Monday, 2 August 2010

1. Monday 2nd August 2010

On the village green at Hartlington, near Burnsall, is a small stone-built feature that was first excavated in 1896 by a man called Cudworth. He concluded that it was a kiln but had no idea what type of kiln it might have been. It had been revealed by workmen who were clearing off centuries of general rubbish that local people had dumped there (early modern fly-tipping!). Cudworth left no excavation drawings, only one photograph and a rather generalised description.
The feature is described on the HER as a ‘medieval corn parching kiln’ 3.7m by 2.7m with visible foundation stones and in fragmentary condition.
The parish council and the YDNPA agreed that it should be investigated again to see if its structural integrity is still intact, and to see if its original purpose can be ascertained.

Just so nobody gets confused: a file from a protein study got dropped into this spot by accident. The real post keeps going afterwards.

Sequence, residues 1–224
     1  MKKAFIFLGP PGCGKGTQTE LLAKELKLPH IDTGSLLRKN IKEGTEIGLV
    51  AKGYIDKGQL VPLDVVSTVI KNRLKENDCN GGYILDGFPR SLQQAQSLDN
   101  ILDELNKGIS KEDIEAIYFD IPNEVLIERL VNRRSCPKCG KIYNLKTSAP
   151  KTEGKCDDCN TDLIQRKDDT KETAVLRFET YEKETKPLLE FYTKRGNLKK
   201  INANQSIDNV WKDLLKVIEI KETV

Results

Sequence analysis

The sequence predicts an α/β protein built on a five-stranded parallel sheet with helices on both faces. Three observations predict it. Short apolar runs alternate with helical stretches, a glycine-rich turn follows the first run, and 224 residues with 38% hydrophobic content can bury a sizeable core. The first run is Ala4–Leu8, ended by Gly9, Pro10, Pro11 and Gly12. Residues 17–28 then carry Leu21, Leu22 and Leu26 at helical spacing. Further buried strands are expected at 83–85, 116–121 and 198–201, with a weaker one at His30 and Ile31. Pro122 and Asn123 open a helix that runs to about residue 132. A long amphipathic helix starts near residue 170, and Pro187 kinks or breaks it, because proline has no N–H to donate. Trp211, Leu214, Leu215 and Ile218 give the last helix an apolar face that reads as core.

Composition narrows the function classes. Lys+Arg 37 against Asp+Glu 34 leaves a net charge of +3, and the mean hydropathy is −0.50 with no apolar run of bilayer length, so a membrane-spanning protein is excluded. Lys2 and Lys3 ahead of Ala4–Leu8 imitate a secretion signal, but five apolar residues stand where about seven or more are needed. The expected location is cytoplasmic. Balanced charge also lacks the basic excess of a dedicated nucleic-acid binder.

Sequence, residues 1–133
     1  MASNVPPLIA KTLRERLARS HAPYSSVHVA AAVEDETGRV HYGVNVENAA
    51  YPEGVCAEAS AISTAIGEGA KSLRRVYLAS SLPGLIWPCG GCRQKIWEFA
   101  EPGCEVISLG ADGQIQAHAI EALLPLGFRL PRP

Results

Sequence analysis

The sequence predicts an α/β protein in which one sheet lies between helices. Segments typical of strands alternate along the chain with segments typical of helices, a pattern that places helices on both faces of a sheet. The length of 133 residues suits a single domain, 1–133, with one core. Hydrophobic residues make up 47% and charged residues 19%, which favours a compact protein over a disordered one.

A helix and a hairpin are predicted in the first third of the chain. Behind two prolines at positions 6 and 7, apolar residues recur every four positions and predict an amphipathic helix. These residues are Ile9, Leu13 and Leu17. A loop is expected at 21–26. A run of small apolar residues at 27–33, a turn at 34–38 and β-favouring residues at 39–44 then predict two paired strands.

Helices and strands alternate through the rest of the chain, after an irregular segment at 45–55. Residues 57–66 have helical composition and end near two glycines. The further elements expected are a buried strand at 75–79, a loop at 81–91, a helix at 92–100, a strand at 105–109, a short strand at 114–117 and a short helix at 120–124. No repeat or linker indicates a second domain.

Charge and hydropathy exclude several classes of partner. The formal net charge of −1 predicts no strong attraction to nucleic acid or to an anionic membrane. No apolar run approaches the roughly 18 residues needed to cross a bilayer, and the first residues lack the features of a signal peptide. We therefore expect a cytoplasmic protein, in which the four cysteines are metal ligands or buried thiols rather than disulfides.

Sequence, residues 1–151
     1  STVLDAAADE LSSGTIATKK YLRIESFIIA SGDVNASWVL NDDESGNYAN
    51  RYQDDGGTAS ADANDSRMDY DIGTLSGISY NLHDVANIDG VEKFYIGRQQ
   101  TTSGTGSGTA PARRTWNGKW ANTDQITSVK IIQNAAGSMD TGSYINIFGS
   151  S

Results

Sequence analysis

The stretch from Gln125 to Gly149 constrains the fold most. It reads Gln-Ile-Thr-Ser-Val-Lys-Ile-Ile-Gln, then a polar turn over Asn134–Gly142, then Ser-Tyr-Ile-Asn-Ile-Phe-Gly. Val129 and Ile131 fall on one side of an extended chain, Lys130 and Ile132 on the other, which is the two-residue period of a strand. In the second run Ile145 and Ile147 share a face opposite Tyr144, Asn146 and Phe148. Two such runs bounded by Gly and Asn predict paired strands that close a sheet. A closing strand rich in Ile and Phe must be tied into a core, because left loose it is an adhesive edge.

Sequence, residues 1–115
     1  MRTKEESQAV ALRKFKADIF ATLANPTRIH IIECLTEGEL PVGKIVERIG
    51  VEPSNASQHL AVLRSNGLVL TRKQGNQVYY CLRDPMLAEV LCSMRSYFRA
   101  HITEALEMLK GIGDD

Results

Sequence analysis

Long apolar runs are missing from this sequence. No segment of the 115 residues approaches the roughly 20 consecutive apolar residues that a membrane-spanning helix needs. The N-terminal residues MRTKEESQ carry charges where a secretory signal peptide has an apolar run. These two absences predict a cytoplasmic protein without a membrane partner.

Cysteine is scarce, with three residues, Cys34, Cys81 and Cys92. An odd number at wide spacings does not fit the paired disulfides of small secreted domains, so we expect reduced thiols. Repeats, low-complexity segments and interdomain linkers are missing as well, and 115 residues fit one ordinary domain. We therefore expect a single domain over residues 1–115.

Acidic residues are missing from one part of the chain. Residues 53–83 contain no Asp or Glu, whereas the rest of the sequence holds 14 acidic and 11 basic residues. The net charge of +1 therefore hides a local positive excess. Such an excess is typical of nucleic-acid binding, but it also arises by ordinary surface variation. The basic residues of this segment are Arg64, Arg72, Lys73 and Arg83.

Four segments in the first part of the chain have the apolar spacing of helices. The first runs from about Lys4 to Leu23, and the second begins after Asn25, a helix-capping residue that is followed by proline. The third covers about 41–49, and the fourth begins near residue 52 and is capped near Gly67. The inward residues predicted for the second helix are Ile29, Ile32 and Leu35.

The site before excavation begins

Under the direction of Dr David Johnson, three members of UWHG turned up this morning to deturf and get this excavation under way. We were briefly joined by Dr Roger Martlew who set up the GPS fixed reference points for the site using the total station.

After a hard morning's work we had cleared away the top soil and revealed the stone work of the kiln.

We spent some time discussing the strangeness of the structure, which doesn't at the moment seem to make much sense. It certainly isn't a Roman tile kiln as Cudworth had decided. Neither does it appear to be a lime or potash kiln. The most likely explanation does seem to be a corn drying kiln. But it's early days - let's see what happens as the excavation progresses.

Getting very muddy underfoot! wellies are essential.

We are very grateful to local residents for car parking and toilet facilities. Very welcome indeed!

Jane Lunnon, UWHG

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